Click here for the PDF: The Weekly Beacon July 21 2023

We will be giving some macro economic market updates on a weekly basis. No equity recommendations will be given in this commentary, and we encourage you to contact us if you have questions regarding any observations.

Feel free to send in your pictures of lighthouses to be featured in our weekly commentary.

This weeks issue: ESG funds, Tesla, Elon Musk, Electric vehicle ESG scores, S&P Global Intelligence, Phillip Morris, Recession, Calgary Stampede attendance, Consumer spending, Airlines, Cruise stocks, Hotel stocks, Air Canada rebound, Airline volume, NASDAQ 100 vs. global liquidity, Central Banks balance sheets, FED, Interest rates, CPI, Unicorn funding, Venture capital, Private equity, Jim Cramer and his calls.

ESG Pushback


ESG is a modern-day acronym that many investors are familiar with. The acronym stands for Environmental, Social and Governance. ESG investing not only focuses on returns but also on holding companies that have good environmental, social, and governance scores. These scores are typically graded out of 100 – the higher the better. Think about it this way, the more eco-friendly your company is, the higher your environmental score is. There are now ESG-focused funds that hold the stocks of companies that grade well on an ESG basis. You might ask, who grades a company’s ESG score? Numerous institutions operate across the capital markets industry. The major issue is that there is no ultimate consensus between investors as numerous agencies operate in this field and grade companies. Investors or institutions can simply pluck the rating that they want their holdings to have. The scores are completely subjective and sometimes extremely inconsistent. These scores also seem to be far from perfect as many companies that you would assume would have a high ESG score, grade quite poorly, while some companies that you would assume would score very low, have high grades.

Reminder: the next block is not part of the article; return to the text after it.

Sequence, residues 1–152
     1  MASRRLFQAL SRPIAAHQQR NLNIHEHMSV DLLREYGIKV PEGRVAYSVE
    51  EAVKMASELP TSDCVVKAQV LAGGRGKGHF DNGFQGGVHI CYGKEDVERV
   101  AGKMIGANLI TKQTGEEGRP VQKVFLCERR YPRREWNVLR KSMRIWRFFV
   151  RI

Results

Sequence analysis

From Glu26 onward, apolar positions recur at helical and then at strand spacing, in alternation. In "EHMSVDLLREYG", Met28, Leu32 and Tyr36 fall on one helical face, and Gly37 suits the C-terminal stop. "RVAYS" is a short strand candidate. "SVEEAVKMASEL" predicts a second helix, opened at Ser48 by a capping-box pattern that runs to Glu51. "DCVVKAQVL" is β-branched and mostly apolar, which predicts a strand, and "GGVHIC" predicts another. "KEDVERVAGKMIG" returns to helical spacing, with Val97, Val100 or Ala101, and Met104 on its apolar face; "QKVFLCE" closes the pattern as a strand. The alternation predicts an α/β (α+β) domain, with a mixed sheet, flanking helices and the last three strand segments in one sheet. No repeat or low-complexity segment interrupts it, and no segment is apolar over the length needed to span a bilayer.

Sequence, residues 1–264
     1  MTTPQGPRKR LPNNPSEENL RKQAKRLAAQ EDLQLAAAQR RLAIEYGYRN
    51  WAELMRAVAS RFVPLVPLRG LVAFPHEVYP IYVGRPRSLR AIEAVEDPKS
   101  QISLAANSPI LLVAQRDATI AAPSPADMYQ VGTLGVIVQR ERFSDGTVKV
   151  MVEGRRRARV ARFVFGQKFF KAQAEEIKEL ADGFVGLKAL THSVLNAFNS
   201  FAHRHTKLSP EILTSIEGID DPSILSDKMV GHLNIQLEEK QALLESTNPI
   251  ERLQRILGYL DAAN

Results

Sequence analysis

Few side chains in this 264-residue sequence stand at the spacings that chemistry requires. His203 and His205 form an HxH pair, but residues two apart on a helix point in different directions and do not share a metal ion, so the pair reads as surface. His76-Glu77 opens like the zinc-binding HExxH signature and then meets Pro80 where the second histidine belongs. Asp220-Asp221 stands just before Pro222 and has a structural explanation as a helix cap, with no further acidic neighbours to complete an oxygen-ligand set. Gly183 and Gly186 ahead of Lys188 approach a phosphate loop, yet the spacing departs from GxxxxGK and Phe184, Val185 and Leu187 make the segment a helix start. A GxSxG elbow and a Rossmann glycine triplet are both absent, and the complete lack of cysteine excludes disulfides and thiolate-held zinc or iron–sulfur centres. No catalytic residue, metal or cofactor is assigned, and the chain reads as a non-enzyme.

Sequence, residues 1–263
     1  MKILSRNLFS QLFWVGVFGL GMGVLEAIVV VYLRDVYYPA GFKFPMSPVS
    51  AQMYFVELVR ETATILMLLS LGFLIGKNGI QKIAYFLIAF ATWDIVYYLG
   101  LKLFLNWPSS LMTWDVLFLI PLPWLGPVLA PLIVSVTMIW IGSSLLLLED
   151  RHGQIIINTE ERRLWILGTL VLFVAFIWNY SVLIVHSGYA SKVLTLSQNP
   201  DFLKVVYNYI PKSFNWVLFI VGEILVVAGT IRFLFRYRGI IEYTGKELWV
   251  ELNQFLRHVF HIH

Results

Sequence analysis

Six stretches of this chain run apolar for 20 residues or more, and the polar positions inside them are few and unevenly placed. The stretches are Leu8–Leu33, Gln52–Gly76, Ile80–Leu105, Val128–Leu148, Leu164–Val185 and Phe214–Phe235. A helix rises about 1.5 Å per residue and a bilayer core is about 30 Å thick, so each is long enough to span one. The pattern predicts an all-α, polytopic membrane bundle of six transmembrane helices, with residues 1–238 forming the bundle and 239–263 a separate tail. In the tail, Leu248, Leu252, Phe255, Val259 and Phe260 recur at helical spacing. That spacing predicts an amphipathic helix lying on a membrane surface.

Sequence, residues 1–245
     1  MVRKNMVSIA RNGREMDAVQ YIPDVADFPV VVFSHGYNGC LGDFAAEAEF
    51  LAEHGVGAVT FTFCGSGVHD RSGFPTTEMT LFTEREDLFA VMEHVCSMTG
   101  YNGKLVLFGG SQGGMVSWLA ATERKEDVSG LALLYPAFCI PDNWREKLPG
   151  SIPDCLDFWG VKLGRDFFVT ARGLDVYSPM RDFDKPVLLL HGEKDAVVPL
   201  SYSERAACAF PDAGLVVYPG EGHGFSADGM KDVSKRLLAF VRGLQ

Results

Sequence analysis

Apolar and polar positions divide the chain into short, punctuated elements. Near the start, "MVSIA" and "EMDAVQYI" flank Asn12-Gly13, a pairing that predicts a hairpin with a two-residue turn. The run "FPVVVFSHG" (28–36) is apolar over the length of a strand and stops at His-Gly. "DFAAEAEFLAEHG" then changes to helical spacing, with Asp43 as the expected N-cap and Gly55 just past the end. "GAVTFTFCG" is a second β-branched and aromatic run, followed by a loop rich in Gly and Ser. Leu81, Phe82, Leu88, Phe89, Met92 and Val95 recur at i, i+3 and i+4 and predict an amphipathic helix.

These inconsistencies are major reasons why we have trouble using ESG as one of our investing principles. The scores from these rating agencies make no sense and are completely subjective. We think the ESG phenomenon does not make sense and is being pushed by large corporations that can profit from the launch of new ESG-focused funds. When institutions sell retail clients ESG funds, they are ecstatic, little do they know that the scores are subjective and that they are extremely flawed.

Some of the agencies that grade companies on ESG include Refinitiv, S&P Global Intelligence, Bloomberg, Dow Jones, and many others.

We did not bring this up this week because we woke up on July 16th and realized these inconsistencies, we have critiqued ESG for quite some time. We bring it up this week because of an article we came across last week. An article that compares the ESG scores of electric vehicle maker, Tesla to Phillip-Morris, a tobacco producer that is best known for producing cigarettes.

Now through our knowledge of ESG and what it should score, we would presume that Tesla scores higher. After all, Tesla is the world’s largest producer of non-fossil fuel automobiles, and Phillip-Morris’s products cause lung cancer.